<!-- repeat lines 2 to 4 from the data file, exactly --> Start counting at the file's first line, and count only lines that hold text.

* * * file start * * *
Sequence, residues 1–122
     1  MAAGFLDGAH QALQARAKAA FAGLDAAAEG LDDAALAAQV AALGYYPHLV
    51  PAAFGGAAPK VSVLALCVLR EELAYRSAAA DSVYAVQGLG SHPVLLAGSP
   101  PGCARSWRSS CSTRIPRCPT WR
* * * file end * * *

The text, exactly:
     1  MAAGFLDGAH QALQARAKAA FAGLDAAAEG LDDAALAAQV AALGYYPHLV
    51  PAAFGGAAPK VSVLALCVLR EELAYRSAAA DSVYAVQGLG SHPVLLAGSP
   101  PGCARSWRSS CSTRIPRCPT WR